As much as I long to wander the cobblestone streets of France again, to nosh on freshly made crepes from a sidewalk vendor, and to sit at an outdoor cafe to watch chic Parisians flit by, I don’t think I’ll be getting on a plane anytime soon.
The new cookbook is by Rebekah Peppler, an American food writer and stylist who makes her home in Paris now. (Yes, lucky her!)
The cookbook contains 125 recipes that are home-cook-friendly. They’re lavishly photographed by Paris-based photographer Joann Pai, whose images are bathed in that lovely golden light that brings the city to life.
If you’re blessed with your own backyard fig tree, you never have this problem.
But for those of us who are left with buying fresh figs at the market or through grocery delivery services these days, figs can be a bit confounding. You want them squishy-ripe so they’re at their sweetest — yet that’s also when they’re prone to go moldy in a flash. If you happen to find yourself with ones that are not soft at all, you wait with bated breath, checking them each day, in hopes that they will finally yield to the push of a fingertip.
But you realize soon enough that’s all in vain because figs actually don’t ripen much once they are picked. And if they are picked too early, forget about it.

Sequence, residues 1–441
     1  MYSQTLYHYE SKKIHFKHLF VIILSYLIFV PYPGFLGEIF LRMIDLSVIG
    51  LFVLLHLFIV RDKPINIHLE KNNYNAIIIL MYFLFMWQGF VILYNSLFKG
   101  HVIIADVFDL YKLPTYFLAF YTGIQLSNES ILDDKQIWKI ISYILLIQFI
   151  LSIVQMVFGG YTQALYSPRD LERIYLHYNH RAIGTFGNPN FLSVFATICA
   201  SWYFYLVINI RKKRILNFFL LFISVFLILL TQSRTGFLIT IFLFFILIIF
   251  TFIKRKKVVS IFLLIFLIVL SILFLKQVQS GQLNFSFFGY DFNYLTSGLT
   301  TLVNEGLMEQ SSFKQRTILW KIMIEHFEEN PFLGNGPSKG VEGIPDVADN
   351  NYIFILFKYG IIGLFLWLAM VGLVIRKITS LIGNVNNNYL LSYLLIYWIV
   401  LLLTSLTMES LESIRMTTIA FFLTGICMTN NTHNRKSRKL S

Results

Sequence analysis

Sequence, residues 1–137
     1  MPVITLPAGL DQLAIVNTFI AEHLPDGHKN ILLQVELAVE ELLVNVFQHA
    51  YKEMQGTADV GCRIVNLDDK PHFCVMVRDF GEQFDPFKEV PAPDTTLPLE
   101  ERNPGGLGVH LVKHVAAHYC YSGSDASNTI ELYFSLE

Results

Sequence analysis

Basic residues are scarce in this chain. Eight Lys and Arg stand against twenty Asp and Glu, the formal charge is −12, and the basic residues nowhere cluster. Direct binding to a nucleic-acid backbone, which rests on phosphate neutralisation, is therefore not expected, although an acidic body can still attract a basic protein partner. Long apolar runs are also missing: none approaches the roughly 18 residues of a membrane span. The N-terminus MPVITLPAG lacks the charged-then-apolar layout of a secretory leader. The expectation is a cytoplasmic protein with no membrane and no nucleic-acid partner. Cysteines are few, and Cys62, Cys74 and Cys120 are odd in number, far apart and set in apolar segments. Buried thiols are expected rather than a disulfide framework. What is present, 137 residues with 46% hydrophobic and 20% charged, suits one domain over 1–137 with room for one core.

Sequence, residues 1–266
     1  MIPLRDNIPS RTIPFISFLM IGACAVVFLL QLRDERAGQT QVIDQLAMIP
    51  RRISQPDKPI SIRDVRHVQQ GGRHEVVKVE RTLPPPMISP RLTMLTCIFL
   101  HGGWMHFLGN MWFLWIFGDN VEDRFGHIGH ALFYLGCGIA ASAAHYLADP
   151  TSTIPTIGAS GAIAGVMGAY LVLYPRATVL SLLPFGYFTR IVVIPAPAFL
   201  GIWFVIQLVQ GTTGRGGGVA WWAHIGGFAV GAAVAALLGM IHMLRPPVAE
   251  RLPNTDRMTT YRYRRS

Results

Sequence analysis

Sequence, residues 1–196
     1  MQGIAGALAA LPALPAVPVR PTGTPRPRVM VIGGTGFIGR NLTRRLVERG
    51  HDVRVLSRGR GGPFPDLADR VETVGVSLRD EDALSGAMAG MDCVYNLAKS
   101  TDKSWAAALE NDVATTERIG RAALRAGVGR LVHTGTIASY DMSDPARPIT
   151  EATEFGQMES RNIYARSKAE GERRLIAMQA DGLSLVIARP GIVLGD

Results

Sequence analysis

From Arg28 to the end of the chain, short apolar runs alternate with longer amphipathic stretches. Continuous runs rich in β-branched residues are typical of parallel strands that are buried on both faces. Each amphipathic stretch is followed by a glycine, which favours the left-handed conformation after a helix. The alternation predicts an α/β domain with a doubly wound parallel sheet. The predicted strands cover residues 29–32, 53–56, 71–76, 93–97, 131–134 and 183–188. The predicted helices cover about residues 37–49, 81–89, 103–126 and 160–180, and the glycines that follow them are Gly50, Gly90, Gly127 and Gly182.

However, less than ideal figs can be salvaged by baking or roasting them. Their natural sugars, no matter how modest, will exude and caramelize in the heat of an oven, rendering them enjoyable after all.
That’s what prompted me to bake a batch of “Ricotta and Olive Oil Muffins with Figs.”
Oh sure, it still has half a stick of butter in it.
But there’s no sausage in it. Nor any milk, cream or eggs. It gets moistened with chicken broth instead.
It also gets crunch from a profusion of pistachio nuts. And it gets a grown-up touch with dried figs that have been macerated in sweet white wine overnight. But don’t worry, they don’t come out tasting overly boozy. The alcohol tempers the fruit’s sweetness and adds a rounded depth. If you don’t have the Mucscat or Essensia called for in the recipe, you can improvise. I actually ended up using Canadian icewine I happened to have on hand.
The recipe is from one of my favorite cookbook writers, Molly Stevens. It first appeared in the February 2007 issue of Bon Appetit.